Last year, Luxembourg-based secondary direct specialist Cipio Partners produced figures suggesting that the average holding period for VC-backed companies doubled between 2002 and 2012, from 3.2 years to 6.4 years (an issue that was clearly exacerbated by the financial crisis). This was making it increasingly difficult for the typical 10-year venture fund to get in and out of companies – and the result has been that even after one or two (or even six) fund extensions, even the better firms still find themselves sitting on unsold assets.
As more funds approach the end of their lives, these single-asset deals represent a growing opportunity for secondaries players, says Diana Meyel, a partner at Cipio. “In today’s environment, people think of secondary directs in terms of portfolio transactions, maybe linked to zombie funds. But actually the situation has changed dramatically; that end of the market has become highly intermediated and very competitive. If we look at dealflow in our latest cycle, maybe half of it has come from single asset deals.”
Zombie firms with a portfolio of decent assets that they’re not incentivised to manage usually prefer to sell all their positions at once, she says – but firms who end up with a few tail-end assets are increasingly looking to sell their individual positions to their co-investors on that particular deal. This has manifest advantages. “There’s hardly any diligence because the co-investors know the asset and understand the risk, so they can move fast. That’s much easier than doing a whole portfolio transaction.” In fact, she believes, this market for tail-end assets could be even more active – if LPs start to force the issue a bit more.
Another opportunity for secondary direct players arises from national governments’ efforts to plug the funding gap for early-stage or seed phase companies via state-backed funds. The trouble is, says Meyel, most are limited in what they can do with later-stage companies.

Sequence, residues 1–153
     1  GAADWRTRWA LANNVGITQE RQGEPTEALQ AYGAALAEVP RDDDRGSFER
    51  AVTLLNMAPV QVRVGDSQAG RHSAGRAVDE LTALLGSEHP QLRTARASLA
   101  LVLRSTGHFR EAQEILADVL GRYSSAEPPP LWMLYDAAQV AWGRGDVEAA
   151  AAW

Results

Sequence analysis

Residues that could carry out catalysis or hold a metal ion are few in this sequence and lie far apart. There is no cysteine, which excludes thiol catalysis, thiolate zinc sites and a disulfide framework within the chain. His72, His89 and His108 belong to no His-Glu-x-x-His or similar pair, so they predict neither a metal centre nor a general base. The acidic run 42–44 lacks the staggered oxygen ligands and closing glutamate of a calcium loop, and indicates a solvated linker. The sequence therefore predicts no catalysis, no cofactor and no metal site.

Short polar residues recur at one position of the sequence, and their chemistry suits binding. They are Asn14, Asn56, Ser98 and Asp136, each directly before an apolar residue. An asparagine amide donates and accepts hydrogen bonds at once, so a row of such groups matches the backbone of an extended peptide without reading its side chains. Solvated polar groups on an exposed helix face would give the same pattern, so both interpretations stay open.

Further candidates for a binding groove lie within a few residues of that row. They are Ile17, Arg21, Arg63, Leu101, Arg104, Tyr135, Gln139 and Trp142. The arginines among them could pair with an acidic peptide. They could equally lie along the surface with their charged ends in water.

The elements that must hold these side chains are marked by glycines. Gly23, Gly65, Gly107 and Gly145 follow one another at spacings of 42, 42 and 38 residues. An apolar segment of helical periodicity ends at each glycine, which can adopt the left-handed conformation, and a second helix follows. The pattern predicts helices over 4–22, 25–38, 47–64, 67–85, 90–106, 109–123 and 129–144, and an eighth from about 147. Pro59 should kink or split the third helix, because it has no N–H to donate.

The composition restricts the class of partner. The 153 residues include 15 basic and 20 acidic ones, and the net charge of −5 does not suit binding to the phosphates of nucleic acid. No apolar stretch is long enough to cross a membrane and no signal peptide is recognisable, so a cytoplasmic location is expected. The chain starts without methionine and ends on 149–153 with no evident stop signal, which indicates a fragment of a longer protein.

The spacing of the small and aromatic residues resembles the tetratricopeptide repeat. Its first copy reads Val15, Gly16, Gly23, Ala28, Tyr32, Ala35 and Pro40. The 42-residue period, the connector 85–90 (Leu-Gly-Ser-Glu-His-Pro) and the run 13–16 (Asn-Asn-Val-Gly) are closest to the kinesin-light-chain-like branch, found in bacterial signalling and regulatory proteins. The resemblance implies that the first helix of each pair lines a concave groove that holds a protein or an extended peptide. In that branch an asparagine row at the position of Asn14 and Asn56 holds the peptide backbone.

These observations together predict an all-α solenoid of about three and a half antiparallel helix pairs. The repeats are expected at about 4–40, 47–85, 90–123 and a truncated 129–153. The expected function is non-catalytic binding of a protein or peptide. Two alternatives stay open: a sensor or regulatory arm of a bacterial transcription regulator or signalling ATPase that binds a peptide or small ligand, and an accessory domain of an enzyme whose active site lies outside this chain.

“There’s usually a maximum amount they can invest in any single company, and they’re not meant to provide finance to companies that can get it on the open market. And now the average time to exit is increasing, it’s harder for them to participate all the way through to the final round of financing; if the company gets to a D or E round, and there are ‘pay-to-play’ terms, they could even find themselves being effectively wiped out and losing their initial investment. So these agencies have a strong interest in new members joining the syndicate who can take over their stake, pay them a profit and then continue financing the company.”
Buying out inactive founders is another good source of deals, according to Meyel (as happened with Cipio’s recent investment in eyeware retailer MyOptique). So too is investing in mature tech companies who are the wrong profile for VC firms but too small for the buyout groups, she adds.
So what’s in it for these companies to have Cipio (or other firms like it) on the register? “The most important value we can add is to provide fresh capital. The second is to get the right management team. Third, we can help with corporate finance issues. And fourth, we can help with business development by using our network to make introductions.”
And, importantly, it avoids a full-blown fundraising process. “In today’s market, external fundraising eats up a lot of management time and resource – it can take 6-9 months to close a round. And you don’t really want to be shopping the business around or talking about valuations publicly. So the existing syndicate approaches someone like us who can buy the shares and at the same time participate in a [fresh] financing round.”